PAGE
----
Tom Hanks gives an Oscar-worthy performance as Fred Rogers. He looks like him, acts like him and feels like him. It's quite remarkable for an actor with such a high star power to disappear into a role so that you forget that you're watching an actor playing the role, but believe that you're actually watching Mr. Rogers. Bravo to the always-reliable casting director Avy Kaufman for choosing such a talented, charismatic actor who's a humanist at heart. It takes a humanist, after all, to portray humanism so convincingly. Hanks grasps the nuances and subtleties of the role as he brings it to life.� Matthew Rhys gives a solid, natural performance as does Susan Kelechi Watson and Chris Cooper. No one overacts nor under-acts which only enhances the film's naturalism even further. Amazingly, A Beautiful Day in the Neighbor doesn't overstay its welcome and avoids preachiness as well as tedium. At a running time of 108 minutes, it's warm, wise and wonderful. It's a perfect treat for the holidays that will nourish your heart, mind and soul. Anyone�who wants to feel more alive in this cold, humanizing world will appreciate the film the most. It's a triumph!
Elsa (voice of Idina Menzel), the Snow Queen of Arrendelle, hears a mysterious voice that beckons her to the Enchanted Forest which her parents had forbade her to go to. She initially ignores the voice, but eventually decides to travel to the forest to learn about the dark history of her family. Her sister, Anna (voice Kristen Bell), joins her quest along with Olaf (voice of Josh Gad), Sven the reindeer, and Kristoff (Jonathan Groff), Anna's boyfriend.
�Writer/director Jennifer Lee and co-director Chris Buck try their best to captivate both younger and older audiences, but the result isn't as effective this time around. The beloved sidekick Olaf returns to provide much of the film's attempts at comic relief like he did in the first. Little kids might find him to be funny, but he's too silly this time around and the humor becomes repetitive and too infantile for adults. If you haven't seen the original, you need not worry because Olaf very quickly summarizes the original's plot in way that's amusing without being weighed down by the fact that it's exposition. The new character of Gale, a force of wind, isn't a particularly interesting one; she's just there as a plot device essentially. Unfortunately, the songs aren't nearly as memorable nor as exhilarating as the songs in Frozen, especially "Let it Go" which, to be fair, is hard to top. The amalgamation of comedy, drama, action/thrills, musical numbers and romance feel uneven more often than not. At least at its emotional center, there's still the bond between Elsa and Anna which does indeed feel palpable while Elsa following the voice works well as a metaphor for following one's inner voice or calling. �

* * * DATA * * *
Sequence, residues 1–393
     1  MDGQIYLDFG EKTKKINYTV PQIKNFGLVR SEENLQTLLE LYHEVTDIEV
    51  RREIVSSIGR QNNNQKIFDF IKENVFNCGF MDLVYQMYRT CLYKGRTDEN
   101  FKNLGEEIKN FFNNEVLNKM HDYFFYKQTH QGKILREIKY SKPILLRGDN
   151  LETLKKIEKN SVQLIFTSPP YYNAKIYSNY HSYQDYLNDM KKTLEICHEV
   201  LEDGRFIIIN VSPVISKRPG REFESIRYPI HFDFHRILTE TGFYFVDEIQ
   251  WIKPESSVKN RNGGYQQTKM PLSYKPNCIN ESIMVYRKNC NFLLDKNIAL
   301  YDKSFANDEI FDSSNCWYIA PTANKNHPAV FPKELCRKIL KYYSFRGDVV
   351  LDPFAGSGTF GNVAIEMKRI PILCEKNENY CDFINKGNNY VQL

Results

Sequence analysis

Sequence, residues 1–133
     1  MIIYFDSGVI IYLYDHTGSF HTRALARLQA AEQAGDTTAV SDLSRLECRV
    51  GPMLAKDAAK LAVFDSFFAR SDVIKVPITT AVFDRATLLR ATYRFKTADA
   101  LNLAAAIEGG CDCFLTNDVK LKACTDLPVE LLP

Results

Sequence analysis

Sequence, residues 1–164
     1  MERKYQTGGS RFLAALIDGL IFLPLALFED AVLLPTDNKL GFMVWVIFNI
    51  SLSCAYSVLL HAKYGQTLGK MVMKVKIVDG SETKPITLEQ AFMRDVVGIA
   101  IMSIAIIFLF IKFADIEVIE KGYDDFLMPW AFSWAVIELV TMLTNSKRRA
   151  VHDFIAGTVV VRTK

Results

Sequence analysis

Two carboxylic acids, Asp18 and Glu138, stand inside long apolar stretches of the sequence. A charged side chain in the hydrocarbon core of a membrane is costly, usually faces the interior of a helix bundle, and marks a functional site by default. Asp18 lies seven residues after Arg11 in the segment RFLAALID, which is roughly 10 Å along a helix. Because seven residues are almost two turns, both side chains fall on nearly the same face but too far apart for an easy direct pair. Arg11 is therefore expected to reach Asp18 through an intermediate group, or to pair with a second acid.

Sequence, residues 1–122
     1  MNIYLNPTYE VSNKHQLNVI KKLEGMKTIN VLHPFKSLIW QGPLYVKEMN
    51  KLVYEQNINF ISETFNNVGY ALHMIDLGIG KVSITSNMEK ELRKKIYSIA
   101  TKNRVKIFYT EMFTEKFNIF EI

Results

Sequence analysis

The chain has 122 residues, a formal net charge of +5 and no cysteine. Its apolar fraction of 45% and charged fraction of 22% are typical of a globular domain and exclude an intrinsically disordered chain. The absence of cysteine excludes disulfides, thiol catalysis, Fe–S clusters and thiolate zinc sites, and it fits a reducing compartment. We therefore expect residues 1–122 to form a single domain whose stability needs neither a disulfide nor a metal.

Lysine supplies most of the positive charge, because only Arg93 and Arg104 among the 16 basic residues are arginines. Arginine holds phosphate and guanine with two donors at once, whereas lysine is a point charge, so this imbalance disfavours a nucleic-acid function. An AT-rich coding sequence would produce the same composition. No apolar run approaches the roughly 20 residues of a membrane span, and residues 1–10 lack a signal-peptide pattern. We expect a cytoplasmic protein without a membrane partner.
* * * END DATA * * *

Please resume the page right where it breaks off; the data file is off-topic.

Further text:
On an aesthetic level, the CGI in Frozen II looks gorgeous and, at times, even almost photo-realistic. It's very clear that a lot of time, effort and money was spent on the visual effects. How the CGI manages to capture the warmth of its characters is a feat in and of itself. When the dialogue fails to be engaging, there's always something for your eyes to feast on when it comes to the animation. That visual spectacle would probably be somewhat diminished on the small screen, so it would be ideal to experience Frozen II on the biggest screen possible. At a running time of 104 minutes, Frozen II is a mildly entertaining sequel that's heartwarming and breathtaking, but lacks the freshness and catchy songs of the original. Please be sure to stay through the end credits for a post-credits scene.